// validate your certificate here and call `completionHandler`
}

which will be called only if the session-global one is not defined.

When you do validate the certificate, you call the completionHandler with your verdict:

  • NSURLSessionAuthChallengeUseCredential – assert it’s okay to proceed
  • NSURLSessionAuthChallengePerformDefaultHandling – delegate to the system
  • NSURLSessionAuthChallengeCancelAuthenticationChallenge – abort connection
  • NSURLSessionAuthChallengeRejectProtectionSpace – dunno how to handle this authentication challenge, try the next one (if available)

Oh, right. First, you need to make sure that you’re dealing with server certificate authentication, not some other form of authentication that NSURLSession may want from you:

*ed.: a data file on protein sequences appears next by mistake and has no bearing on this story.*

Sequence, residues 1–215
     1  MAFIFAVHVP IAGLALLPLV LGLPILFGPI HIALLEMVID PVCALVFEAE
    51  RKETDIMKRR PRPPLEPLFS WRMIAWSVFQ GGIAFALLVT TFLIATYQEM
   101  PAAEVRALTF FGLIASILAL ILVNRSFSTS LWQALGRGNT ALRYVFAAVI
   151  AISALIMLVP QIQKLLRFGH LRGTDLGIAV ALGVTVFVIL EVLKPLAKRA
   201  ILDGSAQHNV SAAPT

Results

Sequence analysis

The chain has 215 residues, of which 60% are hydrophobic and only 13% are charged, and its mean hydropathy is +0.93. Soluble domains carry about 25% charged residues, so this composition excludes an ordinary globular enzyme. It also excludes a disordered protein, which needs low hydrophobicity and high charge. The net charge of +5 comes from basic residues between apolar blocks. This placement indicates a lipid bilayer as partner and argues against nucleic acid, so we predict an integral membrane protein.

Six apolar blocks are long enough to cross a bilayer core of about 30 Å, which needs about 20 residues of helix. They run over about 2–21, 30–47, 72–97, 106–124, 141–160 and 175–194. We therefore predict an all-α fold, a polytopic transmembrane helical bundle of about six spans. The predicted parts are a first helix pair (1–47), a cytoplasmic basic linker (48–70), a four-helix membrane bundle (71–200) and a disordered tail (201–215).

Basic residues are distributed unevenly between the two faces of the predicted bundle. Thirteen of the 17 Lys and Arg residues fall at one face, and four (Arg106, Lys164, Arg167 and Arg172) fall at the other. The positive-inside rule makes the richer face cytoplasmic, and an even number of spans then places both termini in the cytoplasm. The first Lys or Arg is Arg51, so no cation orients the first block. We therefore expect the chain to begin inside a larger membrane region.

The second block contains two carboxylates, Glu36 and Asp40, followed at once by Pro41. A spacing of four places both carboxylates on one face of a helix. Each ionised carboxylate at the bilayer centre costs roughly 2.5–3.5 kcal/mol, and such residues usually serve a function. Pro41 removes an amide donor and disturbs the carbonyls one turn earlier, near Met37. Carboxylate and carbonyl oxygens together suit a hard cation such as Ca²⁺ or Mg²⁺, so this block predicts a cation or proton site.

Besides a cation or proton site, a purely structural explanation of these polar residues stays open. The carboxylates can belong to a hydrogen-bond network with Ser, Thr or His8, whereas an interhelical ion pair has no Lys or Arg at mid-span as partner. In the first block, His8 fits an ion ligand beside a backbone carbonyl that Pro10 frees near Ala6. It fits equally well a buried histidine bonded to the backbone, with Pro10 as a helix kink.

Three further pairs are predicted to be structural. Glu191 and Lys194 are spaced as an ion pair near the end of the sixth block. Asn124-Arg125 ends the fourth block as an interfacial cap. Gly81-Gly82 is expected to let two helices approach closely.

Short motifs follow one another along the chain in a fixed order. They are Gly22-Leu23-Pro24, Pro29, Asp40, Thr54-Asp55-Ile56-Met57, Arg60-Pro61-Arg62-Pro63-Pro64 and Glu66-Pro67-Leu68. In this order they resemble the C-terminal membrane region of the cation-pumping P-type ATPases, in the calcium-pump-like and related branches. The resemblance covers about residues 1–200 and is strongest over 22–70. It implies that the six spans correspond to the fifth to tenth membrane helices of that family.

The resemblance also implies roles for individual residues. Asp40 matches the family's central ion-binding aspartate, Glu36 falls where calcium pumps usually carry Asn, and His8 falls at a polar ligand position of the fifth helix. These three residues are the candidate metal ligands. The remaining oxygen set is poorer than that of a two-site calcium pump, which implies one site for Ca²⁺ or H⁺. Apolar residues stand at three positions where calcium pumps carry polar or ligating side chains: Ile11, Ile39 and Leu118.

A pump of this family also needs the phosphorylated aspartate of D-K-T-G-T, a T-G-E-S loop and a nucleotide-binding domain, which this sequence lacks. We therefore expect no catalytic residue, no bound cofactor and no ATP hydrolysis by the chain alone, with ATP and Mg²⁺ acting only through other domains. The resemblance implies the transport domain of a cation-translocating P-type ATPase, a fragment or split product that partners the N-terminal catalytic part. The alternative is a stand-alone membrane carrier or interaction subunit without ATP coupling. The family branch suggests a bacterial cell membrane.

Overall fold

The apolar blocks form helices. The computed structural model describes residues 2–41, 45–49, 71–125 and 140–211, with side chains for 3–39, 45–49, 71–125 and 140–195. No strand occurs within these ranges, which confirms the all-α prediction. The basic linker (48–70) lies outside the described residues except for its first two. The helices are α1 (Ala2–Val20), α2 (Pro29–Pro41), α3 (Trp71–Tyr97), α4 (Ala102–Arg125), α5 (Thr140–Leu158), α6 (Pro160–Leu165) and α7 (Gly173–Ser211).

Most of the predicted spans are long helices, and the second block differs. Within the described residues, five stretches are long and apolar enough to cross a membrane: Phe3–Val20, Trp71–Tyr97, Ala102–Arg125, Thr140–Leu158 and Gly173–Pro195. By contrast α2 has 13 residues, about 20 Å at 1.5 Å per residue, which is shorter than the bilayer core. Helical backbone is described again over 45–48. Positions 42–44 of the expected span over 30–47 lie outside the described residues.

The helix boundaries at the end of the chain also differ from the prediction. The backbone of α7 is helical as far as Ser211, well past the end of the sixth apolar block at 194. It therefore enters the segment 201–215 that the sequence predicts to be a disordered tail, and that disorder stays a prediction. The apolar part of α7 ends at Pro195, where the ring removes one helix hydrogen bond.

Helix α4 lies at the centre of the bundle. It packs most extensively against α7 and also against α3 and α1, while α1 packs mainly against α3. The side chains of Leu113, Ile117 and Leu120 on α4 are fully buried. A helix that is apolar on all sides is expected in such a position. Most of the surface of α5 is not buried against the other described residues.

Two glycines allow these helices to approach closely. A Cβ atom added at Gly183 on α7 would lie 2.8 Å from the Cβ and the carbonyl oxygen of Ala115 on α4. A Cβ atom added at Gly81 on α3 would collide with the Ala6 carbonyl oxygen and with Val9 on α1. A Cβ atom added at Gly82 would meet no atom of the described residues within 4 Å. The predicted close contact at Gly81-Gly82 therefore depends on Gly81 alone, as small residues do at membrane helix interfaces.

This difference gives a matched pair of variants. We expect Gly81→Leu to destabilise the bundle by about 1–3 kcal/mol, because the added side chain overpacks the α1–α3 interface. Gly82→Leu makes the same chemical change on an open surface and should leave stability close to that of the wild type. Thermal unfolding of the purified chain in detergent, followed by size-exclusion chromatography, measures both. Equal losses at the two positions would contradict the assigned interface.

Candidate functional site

//    didReceiveChallenge:(NSURLAuthenticationChallenge *)challenge

if (![challenge.protectionSpace.authenticationMethod
      isEqualToString:NSURLAuthenticationMethodServerTrust])
{
    completionHandler(NSURLSessionAuthChallengePerformDefaultHandling, nil);
    return;
}

Getting to TLS certificates

Now you’d like to get to the TLS certificates presented by the server. After you get through the Apple-speak with domains, realms, and protection spaces, here’s how you inspect the certificate chain:

SecTrustRef trust = challenge.protectionSpace.serverTrust;
CFIndex certificateCount = SecTrustGetCertificateCount(trust);

Yay, Core Foundation types! Make sure the certificate chain has enough certificates for you to dereference, or else you’re going to get a segfault.

SecCertificateRef certificate = SecTrustGetCertificateAtIndex(trust, 0);

Computing certificate fingerprints

Now you have the leaf certificate. Typically, you don’t want to inspect the certificate each time you see it. You can do a thorough inspection only once and then remember the certificate’s fingerprint to avoid doing it again (well, if the certificate is still within its validity timeframe).